The New Monitor and Color Diffs

I recently purchased a new NEC MultiSync LCD 1960NXi display to use as a second display with my PowerBook when I need to get some serious work done. The monitor has startlingly good color output and was brighter than most CRT displays I have seen in the past. It was also outshining my PowerBook monitor pretty heavily.

One fun trick is to run Windows XP in Virtual PC full screen on the laptop’s monitor while running the rest of my world on the new display. Very handy when designing graphics and CSS for new web sites to see how the dark side views things. Dark side indeed – the Windows gamma is so much darker. Some subtle color variations on the lighter side were appearing as white on the Mac side (or just much less subtle on the Windows side), while subtle dark hues appeared all black on the Windows output.

And besides, this monitor’s native ColorSync profile was blinding me. And the mismatch between it and the old built-in PowerBook display was a bummer.

With a quick calibration, this was made all better. In the Mac OS X System Preferences there is a Displays preference module, and there’s a Calibrate option in the Color section of that module. That little guy launches the Display Calibrator Assistant.

Running the Display Calibrator Assistant in normal mode yields pretty much useless results. Turn on the Expert Mode option to get a truly accurate display profile. I wound up turning my monitor’s brightness down to about 70% and set my gamma at 1.95 – a little less than halfway between the Mac’s usual 1.8 and the 2.2 PC standard.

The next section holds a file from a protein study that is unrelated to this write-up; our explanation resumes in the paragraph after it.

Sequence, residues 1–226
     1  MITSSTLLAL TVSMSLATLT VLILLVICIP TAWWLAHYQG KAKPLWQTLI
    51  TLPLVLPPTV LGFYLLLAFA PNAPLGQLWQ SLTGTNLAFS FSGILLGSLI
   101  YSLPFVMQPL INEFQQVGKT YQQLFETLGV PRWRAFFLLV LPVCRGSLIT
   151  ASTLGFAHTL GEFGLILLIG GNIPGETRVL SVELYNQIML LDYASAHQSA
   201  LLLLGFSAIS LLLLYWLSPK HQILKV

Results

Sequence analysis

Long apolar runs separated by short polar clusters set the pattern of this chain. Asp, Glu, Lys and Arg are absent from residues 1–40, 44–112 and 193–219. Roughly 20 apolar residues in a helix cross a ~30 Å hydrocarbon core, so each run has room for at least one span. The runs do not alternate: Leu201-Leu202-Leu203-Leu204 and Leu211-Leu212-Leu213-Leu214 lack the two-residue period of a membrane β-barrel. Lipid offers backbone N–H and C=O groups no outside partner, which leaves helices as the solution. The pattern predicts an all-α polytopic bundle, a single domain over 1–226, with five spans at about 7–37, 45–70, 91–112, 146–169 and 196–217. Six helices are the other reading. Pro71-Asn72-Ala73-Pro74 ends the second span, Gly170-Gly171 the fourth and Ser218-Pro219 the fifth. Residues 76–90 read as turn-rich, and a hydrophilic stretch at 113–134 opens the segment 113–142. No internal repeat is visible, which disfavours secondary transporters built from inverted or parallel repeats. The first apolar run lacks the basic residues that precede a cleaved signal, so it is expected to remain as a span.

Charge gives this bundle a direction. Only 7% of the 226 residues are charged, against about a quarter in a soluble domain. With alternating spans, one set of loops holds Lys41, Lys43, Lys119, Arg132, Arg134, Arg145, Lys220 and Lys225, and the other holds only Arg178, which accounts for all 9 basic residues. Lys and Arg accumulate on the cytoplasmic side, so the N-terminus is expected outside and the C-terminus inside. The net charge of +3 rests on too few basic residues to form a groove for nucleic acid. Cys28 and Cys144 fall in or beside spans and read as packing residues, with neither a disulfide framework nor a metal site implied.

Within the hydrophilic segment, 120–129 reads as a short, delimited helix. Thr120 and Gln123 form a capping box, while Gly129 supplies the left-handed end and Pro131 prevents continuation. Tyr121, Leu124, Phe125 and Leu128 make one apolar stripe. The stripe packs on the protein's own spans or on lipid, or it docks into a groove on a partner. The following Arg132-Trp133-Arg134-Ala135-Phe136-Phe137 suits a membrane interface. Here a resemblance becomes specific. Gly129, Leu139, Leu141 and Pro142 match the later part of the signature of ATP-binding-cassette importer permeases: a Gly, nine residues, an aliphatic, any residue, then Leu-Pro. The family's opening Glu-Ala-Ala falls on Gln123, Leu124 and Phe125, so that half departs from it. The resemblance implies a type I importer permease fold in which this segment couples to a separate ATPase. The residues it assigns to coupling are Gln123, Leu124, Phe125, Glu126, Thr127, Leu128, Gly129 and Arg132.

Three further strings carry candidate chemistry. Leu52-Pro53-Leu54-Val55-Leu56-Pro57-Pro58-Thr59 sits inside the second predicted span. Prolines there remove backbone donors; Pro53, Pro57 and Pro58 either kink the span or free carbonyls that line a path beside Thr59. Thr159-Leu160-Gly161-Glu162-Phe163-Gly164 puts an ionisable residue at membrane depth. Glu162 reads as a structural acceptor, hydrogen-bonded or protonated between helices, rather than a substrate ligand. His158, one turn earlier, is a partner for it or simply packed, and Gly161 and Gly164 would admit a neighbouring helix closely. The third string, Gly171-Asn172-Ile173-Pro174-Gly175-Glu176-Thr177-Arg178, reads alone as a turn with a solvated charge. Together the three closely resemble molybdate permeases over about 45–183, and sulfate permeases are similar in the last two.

The final match was very good color parity between the two monitors, especially when running Virtual PC, and a good approximation of color between what my Mac-using bretheren will see on the final website creations and what the Windows users will get as well. Not 100% perfect color accuracy between the two, but close enough for web work.

Show File Paths in Dreamweaver

One thing that has always bugged me about Dreamweaver is that when I have a document open I can’t really tell which directory it’s from if it’s coming from a deeply nested folder in the site structure and I’ve opened it by means other than by using the Files panel (i.e. via search results). All Dreamweaver shows you is the file name and the folder it is sitting in. Not helpful if the directory you want to work with is /includes/languages/english/modules/shipping/ and you have a half dozen parallel documents open from /french/, /german/, /spanish/, /italian/, /portuguese/ and /japanese/.